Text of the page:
The long friendship and collaboration between Seamus Heaney and Jan Hendrix has been hitherto a little known story and began on paper and in inspiration many years before they first met in person. When the late Nobel prize-winning Irish poet and the Dutch-born artist and architect finally met backstage at the Poetry International Festival Rotterdam in 1993 it was, as Hendrix evocatively recounts, in ‘the good company of Joseph Brodsky, James Fenton, Bert Schierbeek, totally hilarious and carburetted by whiskey and vodka.’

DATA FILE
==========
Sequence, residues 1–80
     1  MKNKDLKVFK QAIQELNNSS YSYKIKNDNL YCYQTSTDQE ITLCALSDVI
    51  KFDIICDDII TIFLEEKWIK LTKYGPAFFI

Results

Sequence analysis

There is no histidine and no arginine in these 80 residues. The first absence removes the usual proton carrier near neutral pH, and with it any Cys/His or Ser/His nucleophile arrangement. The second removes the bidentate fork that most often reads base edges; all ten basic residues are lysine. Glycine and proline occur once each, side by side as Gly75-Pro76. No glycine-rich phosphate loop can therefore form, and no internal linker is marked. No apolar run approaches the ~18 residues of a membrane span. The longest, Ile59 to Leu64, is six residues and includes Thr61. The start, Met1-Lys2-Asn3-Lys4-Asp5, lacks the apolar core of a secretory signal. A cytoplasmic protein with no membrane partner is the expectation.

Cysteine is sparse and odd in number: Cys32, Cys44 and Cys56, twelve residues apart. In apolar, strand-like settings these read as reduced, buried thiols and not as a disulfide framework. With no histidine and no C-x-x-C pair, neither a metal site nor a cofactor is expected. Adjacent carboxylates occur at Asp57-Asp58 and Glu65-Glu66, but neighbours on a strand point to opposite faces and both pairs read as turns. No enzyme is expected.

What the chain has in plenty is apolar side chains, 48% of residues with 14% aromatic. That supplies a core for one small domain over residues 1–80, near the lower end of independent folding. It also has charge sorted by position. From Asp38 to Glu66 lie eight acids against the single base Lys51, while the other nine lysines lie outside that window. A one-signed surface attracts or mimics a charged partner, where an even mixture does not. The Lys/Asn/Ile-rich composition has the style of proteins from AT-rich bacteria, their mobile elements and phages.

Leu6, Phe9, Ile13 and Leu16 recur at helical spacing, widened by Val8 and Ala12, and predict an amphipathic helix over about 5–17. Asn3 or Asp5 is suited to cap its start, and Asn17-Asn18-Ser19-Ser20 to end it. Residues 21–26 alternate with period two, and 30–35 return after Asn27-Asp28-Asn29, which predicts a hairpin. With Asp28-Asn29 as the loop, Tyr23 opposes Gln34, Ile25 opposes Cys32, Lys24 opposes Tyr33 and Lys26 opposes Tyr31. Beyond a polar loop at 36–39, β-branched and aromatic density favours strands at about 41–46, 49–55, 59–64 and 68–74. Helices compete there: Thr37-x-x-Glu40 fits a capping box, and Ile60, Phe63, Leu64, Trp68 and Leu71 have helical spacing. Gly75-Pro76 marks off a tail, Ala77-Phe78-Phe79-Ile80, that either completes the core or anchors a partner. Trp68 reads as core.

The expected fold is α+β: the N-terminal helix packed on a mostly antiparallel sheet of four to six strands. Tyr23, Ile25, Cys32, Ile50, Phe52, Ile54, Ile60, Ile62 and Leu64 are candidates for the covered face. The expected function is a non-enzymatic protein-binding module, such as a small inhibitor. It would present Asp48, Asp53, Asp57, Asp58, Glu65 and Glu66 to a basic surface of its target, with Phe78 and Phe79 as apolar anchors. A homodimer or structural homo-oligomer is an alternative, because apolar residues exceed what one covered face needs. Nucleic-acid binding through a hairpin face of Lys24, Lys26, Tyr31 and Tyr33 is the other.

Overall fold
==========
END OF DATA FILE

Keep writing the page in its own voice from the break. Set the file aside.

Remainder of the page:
In the late 1970s Hendrix chanced upon a copy of Heaney’s first published collection, Death of a Naturalist (Faber & Faber, 1966), and was, as he says, ‘immediately hooked’. One poem in the collection, ‘Lovers on Arran’, inspired him to create a series of prints which he sent to Heaney in Dublin. The prints generated an initially hesitant correspondence between the two, which then gained a far greater momentum when a mutual friend, Dutch poet Hans van de Waarsenburg, not only became their go-between but also suggested that the pair should collaborate on a book. In the end their collaboration grew to a trilogy of exquisite, limited edition, letterpress books combining Heaney’s words and Hendrix’s artworks, conceived, created, and published over a period of nearly twenty five years.